I was listening to Star Trap by Simon Brett when the word came up, and left me puzzled. So I stopped the audiobook, opened the dictionary app, and got a mini history lesson.
balaclava |ˌbaləˈklävə| (also balaclava helmet) nouna close-fitting garment covering the whole head and neck except for parts of the face, typically made of wool.
ORIGIN late 19th cent.(denoting a garment worn originally by soldiers serving in the Crimean War): named after the village of Balaclavain the Crimea (see Balaclava, Battle of).
Balaclava, Battle of |ˌbaləˈklävə| a battle of the Crimean War, fought between Russia and an alliance of British, French, and Turkish forces in and around the port of Balaclava (now Balaklava) in the southern Crimea in 1854. The battle ended inconclusively; and is chiefly remembered as the scene of the Charge of the Light Brigade.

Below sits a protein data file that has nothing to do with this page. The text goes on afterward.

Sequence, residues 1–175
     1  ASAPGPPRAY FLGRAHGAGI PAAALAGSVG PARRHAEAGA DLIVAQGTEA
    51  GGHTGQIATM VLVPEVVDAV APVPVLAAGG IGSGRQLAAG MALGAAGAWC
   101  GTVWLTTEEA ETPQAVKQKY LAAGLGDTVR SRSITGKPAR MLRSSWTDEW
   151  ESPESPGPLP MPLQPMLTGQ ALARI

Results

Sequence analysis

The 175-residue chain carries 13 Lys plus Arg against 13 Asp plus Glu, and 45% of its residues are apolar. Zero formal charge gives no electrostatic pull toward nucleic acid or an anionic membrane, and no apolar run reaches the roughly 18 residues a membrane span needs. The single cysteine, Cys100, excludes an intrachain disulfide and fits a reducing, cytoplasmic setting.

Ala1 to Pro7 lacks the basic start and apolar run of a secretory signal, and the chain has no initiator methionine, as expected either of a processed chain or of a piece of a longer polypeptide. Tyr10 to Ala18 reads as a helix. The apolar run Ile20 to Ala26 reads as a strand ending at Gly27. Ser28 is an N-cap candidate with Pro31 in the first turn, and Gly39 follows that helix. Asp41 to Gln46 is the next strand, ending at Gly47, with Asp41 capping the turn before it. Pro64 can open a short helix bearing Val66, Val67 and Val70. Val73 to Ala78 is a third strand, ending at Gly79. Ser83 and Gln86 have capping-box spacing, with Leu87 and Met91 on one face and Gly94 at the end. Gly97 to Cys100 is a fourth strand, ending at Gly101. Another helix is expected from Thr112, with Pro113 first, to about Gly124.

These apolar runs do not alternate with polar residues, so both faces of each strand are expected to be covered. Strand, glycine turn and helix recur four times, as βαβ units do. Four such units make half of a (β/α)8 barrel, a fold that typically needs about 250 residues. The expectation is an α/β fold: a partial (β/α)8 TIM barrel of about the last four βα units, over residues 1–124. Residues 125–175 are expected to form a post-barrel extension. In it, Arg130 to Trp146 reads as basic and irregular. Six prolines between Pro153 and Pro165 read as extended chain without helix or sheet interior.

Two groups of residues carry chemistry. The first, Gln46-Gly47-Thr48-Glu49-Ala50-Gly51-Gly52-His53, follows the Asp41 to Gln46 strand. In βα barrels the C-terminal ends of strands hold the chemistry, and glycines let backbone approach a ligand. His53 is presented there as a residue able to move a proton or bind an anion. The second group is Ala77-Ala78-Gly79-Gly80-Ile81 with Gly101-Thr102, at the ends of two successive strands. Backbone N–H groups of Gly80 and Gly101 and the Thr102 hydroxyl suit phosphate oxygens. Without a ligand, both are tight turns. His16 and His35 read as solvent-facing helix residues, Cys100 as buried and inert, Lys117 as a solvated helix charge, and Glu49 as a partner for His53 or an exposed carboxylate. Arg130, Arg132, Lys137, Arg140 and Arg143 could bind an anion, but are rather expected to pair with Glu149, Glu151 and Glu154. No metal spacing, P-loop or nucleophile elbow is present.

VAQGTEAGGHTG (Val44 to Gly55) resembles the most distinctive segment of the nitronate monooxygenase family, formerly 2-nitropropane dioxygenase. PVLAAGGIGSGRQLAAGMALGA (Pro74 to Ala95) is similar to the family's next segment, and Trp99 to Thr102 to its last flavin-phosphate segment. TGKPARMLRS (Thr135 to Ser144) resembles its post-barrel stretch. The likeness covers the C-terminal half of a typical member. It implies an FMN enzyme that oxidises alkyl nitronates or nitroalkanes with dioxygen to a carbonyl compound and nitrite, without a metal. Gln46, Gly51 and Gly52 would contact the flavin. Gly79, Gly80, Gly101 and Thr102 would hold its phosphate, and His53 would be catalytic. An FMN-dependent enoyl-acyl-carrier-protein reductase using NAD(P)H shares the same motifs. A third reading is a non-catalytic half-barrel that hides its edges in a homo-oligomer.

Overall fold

Charge of the Light Brigadea British cavalry charge in 1854 during the Battle of Balaclava in the Crimean War. A misunderstanding between the commander of the Light Brigade and his superiors led to the British cavalry being destroyed. The charge was immortalized in verse by Tennyson.
Most I recall of my high school history classes is boredom and the recitation on names and dates. All I actually know of history is from books, films, and television.
The Charge of the Light Brigade sounds like humongous military fuck-up worthy of Black Adder. Although George McDonald Frasier gave it a good go too in Flashman at the Charge. Sir Harry Flashman is the perfect anti-hero, an unabashed coward who constantly finds himself in the heat of the battle, despite his best efforts to avoid them.
My favorite though is Astrid Amara's Devil Lancer. Probably because it's full of dark paranormal mystery and steamy m/m goodness.
As I was searching for images on Pinterest, I discovered that the Crimean War was also Florence Nightingale's first big job.